Born in St. Petersburg in 1904, Alexander Vvedensky grew up with a mother who was a gynecologist and a father who was an economist. From 1917 to 1921 he attended high school, meeting Leonid Lipavsky and Iakov Drusky, who would become the major philosophers in his circle. From his teacher, L. V. Georg, the young boy learned of the latest developments in Russian poetry, including Futurism and other experimental poetries. He started at the university after high school, but soon dropped out.
His major poetic education took place at GNKhUK, the State Institute of Artistic Culture, headed by Kazimir Malevich, with researches into zaum (sound) poetry by Igor Terentiev, for whom Vvedensky worked. In 1925 he and his high school friend, Iakov Druskin, became friends with the aspiring poet Danill Kharms, who was a student of the Futurist sound poet Alexander Tufanov, himself experimenting with theories of zaum thorough narrative time. For the next year and a half, Vvedensky, Nikolai Zabolotsky and Kharms sought to establish an organization that would unite all avant-garde and left-wing artist of Leningrad. The first of their radical projects, the theater company Radix, “experimenting in the area of non-emotional and plotless art and aiming to create a pure theater not subject to literature,” fell apart while rehearsing the Kharms and Vvedensky montage My Momma’s Got Clocks All Over. They also made attempts to join forces with Malevich, but after political denunciations in the press forced the closure of GINKhUK, Malevich left for Warsaw. In late 1927, they were offered a base at the Leningrad Press Club on the condition that they assume a new name, since the word “left-wing” sounded to authorities to be to close to Trotsky’s views. Thus was born OBERIU, a neologism standing for the Union of Real Art.
The same year, children’s writer and editor Nikolai Oleinikov invited OBERIU members to write for the State Publishing House for Children (DETGIZ). Vvendensky would later confess that he was attracted to children’s literature because it was non-political, allowing him to experiment with nonsense. Neither he nor Kharms achieved greatness as writers for children, but it allowed them to work on their more serious writing.
OBERIU was unable to publish most of their writings, but the organization to provide raucous performances in Leningrad clubs and educational institutions. Transpiring under nonsensical slogans hung for the occasion, the performances united poetry, theater, film, magic tricks, juggling, and general clowning around; they culminated in debates that often turned into shouting matches. The State’s tightening control over the arts, threatened these performances, however, and audiences grew increasingly hostile to their work. After an April 30 th reading at Leningrad State University, OBERIU was forced to dissolve because of newspaper accusations of counterrevolutionary activity. The press also voiced accusations against their children’s writing. Vvedensky and Kharms were detained in December of 1931 along with other members of OBERIU. Vvedensky, suffering hard imprisonment, cracked under interrogation, naming others and admitting his guilt. He was sentenced to three years of internal exile, forced to remain away from major population centers. By 1933, however, both his term and Kharms’s was reduced, and they returned to Leningrad, allowed to write children’s books but not to compose poetry. The avant-garde movement was over, and they wrote privately only for their friends.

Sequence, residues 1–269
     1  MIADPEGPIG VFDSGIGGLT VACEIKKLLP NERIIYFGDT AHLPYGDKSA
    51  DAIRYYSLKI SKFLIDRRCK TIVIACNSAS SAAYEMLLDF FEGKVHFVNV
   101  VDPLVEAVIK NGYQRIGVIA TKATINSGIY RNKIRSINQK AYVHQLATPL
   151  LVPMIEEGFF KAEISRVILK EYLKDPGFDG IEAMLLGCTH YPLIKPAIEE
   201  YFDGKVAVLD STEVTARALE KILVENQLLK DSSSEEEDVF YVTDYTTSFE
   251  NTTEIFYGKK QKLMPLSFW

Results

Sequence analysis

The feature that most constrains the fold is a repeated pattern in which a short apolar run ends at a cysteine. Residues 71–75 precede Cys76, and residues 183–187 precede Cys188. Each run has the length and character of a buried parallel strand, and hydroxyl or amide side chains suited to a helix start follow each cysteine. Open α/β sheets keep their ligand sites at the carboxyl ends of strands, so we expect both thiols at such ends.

In 1936, Vvedensky met the woman who would become his third wife, and he moved with her to Kharkov, where he spent much of the day gambling and writing frenetically at night. In 1937, his wife gave birth to a son. A month later, Nikolai Oleinikov was shot, charged with being a Trotskyite, and Nikolai Zabolotsky was seized on a terrorism charge. Soon after the Nazi invasion of the Soviet Union in 1941, Vvedensky himself was arrested and shipped via a prison train from Kharkov. He died of dysentery while being transported. Kharms, arrested a month earlier, died in a prison asylum in February 2 nd the following year.
Most of Vvedensky’s work has been lost—both his poems and his novel, Murderers, You Morons. Of the pieces that survived, the majority were saved by Iakov Druskin, who was also responsible for saving much of Kharm’s writings. In 1980, Druskin’s student, Mikhail Meilakh, published Vvedensky’s collected writings in the United States in the Russian-language publishing house Ardis. Vvedensky’s work was published in his homeland during perestroika.
BOOKS OF POETRY:
Polnoe sobranie sochinenii (Ann Arbor, Michigan: Ardis, 1980); Polnoe sobranie proizvedenii: v dvukh tomakh (Moscow: Gileia, 1993).
ENGLISH LANGUAGE TRANSLATIONS:
In Russia’s Lost Literature of the Absurd: A Literary-Discovery. Selected Works of Daniil Kharms and Alexander Vvedensky, edited and trans. by George Gibian (New York: Norton, 1974); Oberiu: An Anthology of Russian Absurdism, translated by Eugene Ostashevsky (Evanston, Illinois: Northwestern University Press, 2006); An Invitation for Me to Think: Poems (Los Angeles: Green Integer, 2007).